Hospitals that report more measures have lower star ratings, study finds

CMS' Overall Star Ratings methodology does not account for differences in the type and volume of quality measures hospitals share with the agency, which may offer an inaccurate analysis of quality performance, according to a study published in Health Affairs.

CMS requires hospitals to have a minimum number of patient cases to report data for a star ratings measure. As a result, hospitals that treat a larger volume and mix of cases often report more measures than hospitals treating a smaller patient pool. Despite this variation, CMS rates all hospitals on the same one to five star scale, regardless of the type or number of measures reported. 

For the study, researchers analyzed data on 3,692 hospitals from the December 2017 star ratings update. Researchers sorted hospitals into three groups based on similarities with the type and volume of measures reported. Group one reported an average of 43 measures, group two reported 36 measures and group three reported just 22 measures.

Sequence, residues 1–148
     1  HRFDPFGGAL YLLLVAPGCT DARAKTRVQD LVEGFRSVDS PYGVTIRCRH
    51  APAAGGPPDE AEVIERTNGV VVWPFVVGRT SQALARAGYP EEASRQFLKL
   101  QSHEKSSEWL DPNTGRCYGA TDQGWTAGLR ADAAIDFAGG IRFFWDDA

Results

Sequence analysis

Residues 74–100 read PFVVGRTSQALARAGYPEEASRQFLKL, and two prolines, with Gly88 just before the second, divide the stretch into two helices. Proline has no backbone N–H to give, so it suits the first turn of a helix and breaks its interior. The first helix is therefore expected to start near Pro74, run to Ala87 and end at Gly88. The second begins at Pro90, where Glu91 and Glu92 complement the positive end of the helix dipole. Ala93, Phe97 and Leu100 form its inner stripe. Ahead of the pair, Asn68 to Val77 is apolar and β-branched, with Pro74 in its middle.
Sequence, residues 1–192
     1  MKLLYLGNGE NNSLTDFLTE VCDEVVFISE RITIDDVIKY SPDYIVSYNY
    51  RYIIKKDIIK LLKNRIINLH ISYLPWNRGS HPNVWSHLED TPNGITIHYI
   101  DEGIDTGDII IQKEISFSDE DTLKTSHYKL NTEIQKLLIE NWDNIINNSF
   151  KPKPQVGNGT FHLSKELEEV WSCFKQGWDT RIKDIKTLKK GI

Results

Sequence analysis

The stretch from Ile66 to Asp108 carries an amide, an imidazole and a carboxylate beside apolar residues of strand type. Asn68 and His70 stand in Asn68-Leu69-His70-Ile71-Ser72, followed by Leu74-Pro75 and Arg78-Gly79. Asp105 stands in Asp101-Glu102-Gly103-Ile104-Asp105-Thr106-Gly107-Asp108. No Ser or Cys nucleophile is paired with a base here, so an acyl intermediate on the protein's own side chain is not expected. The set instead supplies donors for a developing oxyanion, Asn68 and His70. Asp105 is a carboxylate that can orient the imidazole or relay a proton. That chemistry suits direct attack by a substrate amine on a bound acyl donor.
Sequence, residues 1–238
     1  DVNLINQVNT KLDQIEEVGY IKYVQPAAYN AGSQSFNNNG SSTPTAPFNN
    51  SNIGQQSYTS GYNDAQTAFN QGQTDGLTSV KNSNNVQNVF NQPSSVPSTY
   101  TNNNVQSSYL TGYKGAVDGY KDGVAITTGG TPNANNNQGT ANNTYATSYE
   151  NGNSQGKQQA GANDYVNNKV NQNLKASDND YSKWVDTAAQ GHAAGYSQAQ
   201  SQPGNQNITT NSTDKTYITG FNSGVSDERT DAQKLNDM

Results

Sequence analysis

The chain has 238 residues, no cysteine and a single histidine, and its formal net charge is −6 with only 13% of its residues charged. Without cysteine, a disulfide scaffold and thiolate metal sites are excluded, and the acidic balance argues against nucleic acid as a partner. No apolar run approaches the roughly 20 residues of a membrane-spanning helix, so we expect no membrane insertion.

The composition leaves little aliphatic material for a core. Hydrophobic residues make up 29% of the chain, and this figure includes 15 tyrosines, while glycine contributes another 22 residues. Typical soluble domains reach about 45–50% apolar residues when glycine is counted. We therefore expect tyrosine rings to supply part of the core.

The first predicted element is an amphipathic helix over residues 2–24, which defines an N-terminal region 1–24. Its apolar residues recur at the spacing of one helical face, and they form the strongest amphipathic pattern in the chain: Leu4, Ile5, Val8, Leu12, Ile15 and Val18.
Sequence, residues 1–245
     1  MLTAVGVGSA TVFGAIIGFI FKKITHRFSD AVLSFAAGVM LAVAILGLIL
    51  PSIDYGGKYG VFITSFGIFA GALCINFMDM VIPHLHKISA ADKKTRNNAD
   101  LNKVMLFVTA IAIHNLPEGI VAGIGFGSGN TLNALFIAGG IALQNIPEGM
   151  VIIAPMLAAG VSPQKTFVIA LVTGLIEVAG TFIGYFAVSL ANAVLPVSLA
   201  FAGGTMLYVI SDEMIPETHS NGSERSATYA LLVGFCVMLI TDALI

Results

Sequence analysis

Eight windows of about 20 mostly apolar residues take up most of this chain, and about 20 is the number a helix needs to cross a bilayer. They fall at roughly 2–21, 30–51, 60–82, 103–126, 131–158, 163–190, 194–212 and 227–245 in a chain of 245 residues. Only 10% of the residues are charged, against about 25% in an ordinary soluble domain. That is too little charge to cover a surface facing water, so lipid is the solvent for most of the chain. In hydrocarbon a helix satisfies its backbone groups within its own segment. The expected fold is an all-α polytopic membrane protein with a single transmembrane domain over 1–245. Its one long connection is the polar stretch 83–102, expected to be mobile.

Researchers found hospitals in the third group often had higher star ratings, while hospitals in the first group had lower scores. 

"Patients, referring providers, payers and other stakeholders who use the ratings in their decision-making can be misled if they assume that higher hospital quality is correlated with a higher star rating," the researchers said. They warned against lumping hospitals together for the analysis and instead suggested CMS assess hospitals in groups based on how they report on the quality measures.

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